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The Vegas Golden Knights shouldn’t aim to win in their 1st NHL season

Winning right out of the gate is a tantalizing option, but it could stifle the Golden Knights’ ability to build toward the future.

2017 NHL Awards And Expansion Draft Photo by Bruce Bennett/Getty Images

When the Vegas Golden Knights take to the ice to play their first NHL game in two months, there will be a lot of questions surrounding the league’s latest expansion team. While we know what their jerseys will look like and what their roster is shaping up to be, the big question many have is how good the Golden Knights will be in their first NHL season.

Until we’ve seen the Golden Knights actually play a game of hockey, that will be hard to determine. Many have already put the nail in Vegas’ coffin before they’ve put skates on the ice, though there is precedent for expansion teams to nosedive hard in their first seasons. It is easy to pick on the Golden Knights as they are the NHL’s newest team, and their expansion draft didn’t go how many people thought as they passed over a few appetizing options on the table.

While we all debate roster spots and lineup positions, it’s worth asking whether the Golden Knights should even want to be a good hockey team this year. Arguably, the NHL and the hockey community should want Vegas to do well in 2017-18 to build a core fan base and generate noise in a non-traditional market. Yet, there is sense in playing the long game here, which is what general manager George McPhee may have been doing all along.

Is success worth it in the short term for the Golden Knights?

It wouldn’t have been easy for the Golden Knights to pick a proven, playoff-ready roster at the outset in the expansion draft. Given the talent there, Vegas was never going to build a Stanley Cup contending team with third- and fourth-line players and middle-of-the-road defensemen from the get-go.

Where Vegas could have found talent was flipping some of their deep defensive pool and draft picks to teams in need of those last few pieces as the offseason winds down. Instead, McPhee traded some of those defensive assets to teams in return for early to mid-round draft picks.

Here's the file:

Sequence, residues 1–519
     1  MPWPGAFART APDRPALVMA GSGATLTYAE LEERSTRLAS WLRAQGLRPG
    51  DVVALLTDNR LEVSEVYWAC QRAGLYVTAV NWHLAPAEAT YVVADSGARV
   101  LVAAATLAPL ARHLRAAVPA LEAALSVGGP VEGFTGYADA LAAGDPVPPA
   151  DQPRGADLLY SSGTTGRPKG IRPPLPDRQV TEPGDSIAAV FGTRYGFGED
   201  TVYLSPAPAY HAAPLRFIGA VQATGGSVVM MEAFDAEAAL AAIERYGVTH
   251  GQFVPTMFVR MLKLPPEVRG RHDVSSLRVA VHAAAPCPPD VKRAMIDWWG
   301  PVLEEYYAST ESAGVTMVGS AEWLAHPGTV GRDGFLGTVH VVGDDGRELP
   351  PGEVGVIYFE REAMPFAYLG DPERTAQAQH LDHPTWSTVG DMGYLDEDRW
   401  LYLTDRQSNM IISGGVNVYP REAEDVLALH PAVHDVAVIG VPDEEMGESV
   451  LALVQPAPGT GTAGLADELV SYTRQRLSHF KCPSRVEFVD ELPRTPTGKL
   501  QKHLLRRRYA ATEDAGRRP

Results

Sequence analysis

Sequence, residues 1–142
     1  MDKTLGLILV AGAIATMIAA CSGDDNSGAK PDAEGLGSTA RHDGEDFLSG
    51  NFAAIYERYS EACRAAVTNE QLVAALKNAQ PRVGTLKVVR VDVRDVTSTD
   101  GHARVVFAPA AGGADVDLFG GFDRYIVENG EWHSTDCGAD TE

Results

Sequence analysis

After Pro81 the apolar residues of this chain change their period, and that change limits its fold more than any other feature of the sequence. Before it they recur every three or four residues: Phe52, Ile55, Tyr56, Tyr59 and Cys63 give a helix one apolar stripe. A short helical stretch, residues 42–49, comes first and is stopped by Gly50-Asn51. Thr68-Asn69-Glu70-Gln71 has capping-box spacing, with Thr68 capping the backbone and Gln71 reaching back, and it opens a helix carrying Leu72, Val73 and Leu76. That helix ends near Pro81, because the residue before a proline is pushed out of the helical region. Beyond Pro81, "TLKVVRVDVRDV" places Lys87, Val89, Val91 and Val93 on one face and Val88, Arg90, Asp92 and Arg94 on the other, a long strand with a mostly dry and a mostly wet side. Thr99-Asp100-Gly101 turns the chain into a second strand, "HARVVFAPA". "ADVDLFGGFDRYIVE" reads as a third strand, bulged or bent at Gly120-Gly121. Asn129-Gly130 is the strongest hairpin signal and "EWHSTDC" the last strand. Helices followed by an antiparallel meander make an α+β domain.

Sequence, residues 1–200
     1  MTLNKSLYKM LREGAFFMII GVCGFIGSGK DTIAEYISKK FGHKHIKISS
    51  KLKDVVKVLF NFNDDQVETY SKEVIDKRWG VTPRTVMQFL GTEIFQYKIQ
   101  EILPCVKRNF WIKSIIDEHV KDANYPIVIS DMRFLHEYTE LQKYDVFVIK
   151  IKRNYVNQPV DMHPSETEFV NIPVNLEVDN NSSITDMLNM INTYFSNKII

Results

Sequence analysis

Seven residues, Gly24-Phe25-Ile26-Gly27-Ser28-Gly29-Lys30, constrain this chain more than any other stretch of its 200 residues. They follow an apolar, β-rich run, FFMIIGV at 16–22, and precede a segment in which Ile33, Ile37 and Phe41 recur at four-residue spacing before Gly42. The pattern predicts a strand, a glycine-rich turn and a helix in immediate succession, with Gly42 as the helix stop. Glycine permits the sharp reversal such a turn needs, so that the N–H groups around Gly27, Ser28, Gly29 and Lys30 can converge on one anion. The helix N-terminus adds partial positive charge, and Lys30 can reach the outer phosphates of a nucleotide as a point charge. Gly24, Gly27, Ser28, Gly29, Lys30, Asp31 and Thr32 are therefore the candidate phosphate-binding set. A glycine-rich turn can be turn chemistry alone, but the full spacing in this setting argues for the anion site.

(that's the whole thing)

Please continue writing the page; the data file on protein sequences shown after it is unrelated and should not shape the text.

When all was said and done, Vegas has ended up with an astounding 27 draft picks across the next three years. Here’s how the data spread out, thanks to CapFriendly.

Vegas Golden Knights draft picks 2018-2020

Year Round 1 Round 2 Round 3 Round 4 Round 5 Round 6 Round 7
Year Round 1 Round 2 Round 3 Round 4 Round 5 Round 6 Round 7
2018 1 1 - 1* 2* 1 -
2019 1 3* 3* 1 2* 1 1
2020 1 3* 1 1 1 1 1
* Indicates trades made to acquire other team’s draft picks.

In total, Vegas has added nine additional draft picks between rounds two and five thanks to their offseason dealings. Those moves very much house the mindset of a future-thinking general manager, one that is willing to sacrifice success today for a payoff down the road.

That mindset feeds into the idea that the Golden Knights shouldn’t strive for success outright in their first NHL season, and instead should look to finish at the bottom of the league. A finish in the league’s basement nets the highest lottery odds, and after being stymied in a wacky draft lottery that gave them the sixth pick, a chance to jump into the first overall spot in a stronger draft shouldn’t be ignored.

Especially considering cornerstone defenseman Rasmus Dahlin is on the line as today’s current consensus No. 1 pick. Of course, Vegas would need the odds to fall in their favor this time, but fans would likely forgive a sub-par first season if Dahlin is leading their defensive corps for years to come.

On the flip side, success in their first season nets the Golden Knights hype that no expansion team has yet to have out of the gate. An over-.500 season would likely be considered successful given the track record previous expansion teams have put down, and an unlikely playoff berth would look real good for both the franchise and the NHL as a whole. It’d be quite the story, and could even hit well with the casual fans the NHL picks up during playoff time.

The hype might just be worth a push by the Golden Knights in their first season, considering many fans believe franchises in the desert are doomed to fail. Even so, wouldn’t it be more beneficial for the Golden Knights to build out a successful franchise from the ground up? Vegas did a real solid job in the 2017 draft with picking up Cody Glass, Nick Suzuki, and Nicolas Hague, among others, but the team badly needs a franchise player to build around.

The Toronto Maple Leafs and Edmonton Oilers are the most recent examples of nailing franchise-changing players with the No. 1 overall pick in the draft. Auston Matthews and Connor McDavid are in a class of their own, for sure, but to make the jump from good to great in this league, you need a franchise-defining player.

Taking their lumps in the regular season and reaping the benefits in the upcoming drafts is a successful model for rebuilding teams, and one the Golden Knights seem poised to follow given McPhee’s modus operandi so far. It would certainly prove the naysayers right for at least the first year of Vegas’ existence, but the Golden Knights seem to have a solid philosophy in sight.

It took expansion franchises like the Nashville Predators, Tampa Bay Lightning, and Anaheim Ducks a few seasons to find their feet before gaining success in the postseason. With a solid road map seemingly in place for the Vegas Golden Knights, the NHL’s newest team could very well be on the way to success sooner than we think.